One of the greatest guitarists in the history of music, Jimi Hendrix practiced what the movement preached in the 1960s, that is, sex, drugs, and rock & roll. Today, many people know he pioneered the use of a guitar as an electronic-sound source and have heard about his setting his Fender Stratocaster on fire in concert. However, it is less well known that this guitar virtuoso was a soldier in the U.S. Army.
Born James Marshall Hendrix, he was brought up in Seattle in an unstable home of fighting and alcohol, his parents divorcing when he was nine. Hendrix lived with his father, rarely seeing his mother afterward. Music was his sanctuary, and his father gave him his first guitar at 15.
In the early 1960s Hendrix was a high school dropout, and he faced charges from law enforcement regarding stolen cars. Hendrix was given a choice, facing either prison or joining the military. To the surprise of his family, he decided to enlist in the U.S. Army, which he did on May 31, 1961, at 19.
He completed eight weeks of basic training at Fort Ord, California, and was assigned to the 101st Airborne Division, where he was stationed in Fort Campbell, Kentucky, arriving in November of that year.
The commanding officers, understandably, didn’t approve of his rebellious attitude. Reportedly, he was described as a “habitual offender” when it came to missing late-night bed checks. Not caring, Hendrix remained true to his calling and continued to play the guitar. He played while off-duty, further provoking resentment in the other men in the barracks who complained that he didn’t let them sleep.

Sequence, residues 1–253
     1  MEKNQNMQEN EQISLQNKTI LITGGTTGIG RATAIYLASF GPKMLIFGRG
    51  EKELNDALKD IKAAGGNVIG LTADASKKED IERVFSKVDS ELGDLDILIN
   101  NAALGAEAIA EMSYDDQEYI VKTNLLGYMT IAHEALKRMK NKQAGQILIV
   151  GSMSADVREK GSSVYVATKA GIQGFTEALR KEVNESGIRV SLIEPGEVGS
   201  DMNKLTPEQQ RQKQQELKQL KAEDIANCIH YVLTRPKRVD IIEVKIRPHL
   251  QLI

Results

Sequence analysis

One of the commanding officers commented, “This is one of his faults because his mind apparently cannot function while performing duties and thinking about his guitar.” Hendrix wrote to his father, delivering his impressions of army life: “There’s nothing but physical training and harassment here for two weeks, then when you go to jump school … you get hell. They work you to death, fussing and fighting.” In another letter, he asked his father to send him the red Silvertone Danelectro guitar that he left at his girlfriend Betty Jean Morgan’s house.
His father obliged and sent the guitar to Fort Campbell. Hendrix was obsessed with the instrument, so when he received it, he neglected his duties, which led to verbal taunting and physical abuse from his peers, who often stashed the guitar and made him beg for its return.
On May 24, Hendrix’s platoon sergeant, James C. Spears, filed a report in which he stated: “He has no interest whatsoever in the Army … It is my opinion that Private Hendrix will never come up to the standards required of a soldier. I feel that the military service will benefit if he is discharged as soon as possible.”
A year later, Captain Gilbert Batchman had had enough of Hendrix, although he was signed up for three years of service. He described the Hendrix issue as a conflict that was judged not treatable by hospitalization or counseling. An ankle injury during a parachute jump hastened Hendrix’s departure from active duty with an honorable discharge. Of course, he was more than happy to take it.
The military loss of Hendrix turned out to be a gain for the world of rock & roll. A few years after the discharge, Hendrix’s band, the Jimi Hendrix Experience, released its hit single, “Hey Joe.”
Three years later, due to an overdose of sleeping pills, Jimi Hendrix was found dead, but the details of his demise remain unclear even today. Nevertheless, the creative energy and fierceness of the “Voodoo Child” live on and will undoubtedly withstand the test of time.
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